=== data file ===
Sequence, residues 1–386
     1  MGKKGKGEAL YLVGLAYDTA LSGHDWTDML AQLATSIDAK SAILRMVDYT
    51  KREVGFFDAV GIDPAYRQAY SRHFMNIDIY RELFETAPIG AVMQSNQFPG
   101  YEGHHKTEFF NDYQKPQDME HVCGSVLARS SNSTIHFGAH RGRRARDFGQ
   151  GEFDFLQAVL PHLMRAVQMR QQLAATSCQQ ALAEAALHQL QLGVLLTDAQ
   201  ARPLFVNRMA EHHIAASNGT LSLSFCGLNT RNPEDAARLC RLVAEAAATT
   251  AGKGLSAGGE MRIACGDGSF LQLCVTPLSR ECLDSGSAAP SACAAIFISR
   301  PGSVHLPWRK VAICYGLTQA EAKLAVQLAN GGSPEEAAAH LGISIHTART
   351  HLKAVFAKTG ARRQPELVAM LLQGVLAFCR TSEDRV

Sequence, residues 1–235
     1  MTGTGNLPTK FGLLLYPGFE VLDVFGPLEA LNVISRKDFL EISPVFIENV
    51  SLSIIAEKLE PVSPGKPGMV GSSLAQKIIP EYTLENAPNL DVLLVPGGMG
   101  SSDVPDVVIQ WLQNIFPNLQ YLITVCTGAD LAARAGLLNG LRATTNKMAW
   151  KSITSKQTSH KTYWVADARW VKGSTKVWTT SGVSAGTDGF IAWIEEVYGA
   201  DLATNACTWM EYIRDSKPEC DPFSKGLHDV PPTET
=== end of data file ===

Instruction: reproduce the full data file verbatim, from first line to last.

Sequence, residues 1–386
     1  MGKKGKGEAL YLVGLAYDTA LSGHDWTDML AQLATSIDAK SAILRMVDYT
    51  KREVGFFDAV GIDPAYRQAY SRHFMNIDIY RELFETAPIG AVMQSNQFPG
   101  YEGHHKTEFF NDYQKPQDME HVCGSVLARS SNSTIHFGAH RGRRARDFGQ
   151  GEFDFLQAVL PHLMRAVQMR QQLAATSCQQ ALAEAALHQL QLGVLLTDAQ
   201  ARPLFVNRMA EHHIAASNGT LSLSFCGLNT RNPEDAARLC RLVAEAAATT
   251  AGKGLSAGGE MRIACGDGSF LQLCVTPLSR ECLDSGSAAP SACAAIFISR
   301  PGSVHLPWRK VAICYGLTQA EAKLAVQLAN GGSPEEAAAH LGISIHTART
   351  HLKAVFAKTG ARRQPELVAM LLQGVLAFCR TSEDRV

Sequence, residues 1–235
     1  MTGTGNLPTK FGLLLYPGFE VLDVFGPLEA LNVISRKDFL EISPVFIENV
    51  SLSIIAEKLE PVSPGKPGMV GSSLAQKIIP EYTLENAPNL DVLLVPGGMG
   101  SSDVPDVVIQ WLQNIFPNLQ YLITVCTGAD LAARAGLLNG LRATTNKMAW
   151  KSITSKQTSH KTYWVADARW VKGSTKVWTT SGVSAGTDGF IAWIEEVYGA
   201  DLATNACTWM EYIRDSKPEC DPFSKGLHDV PPTET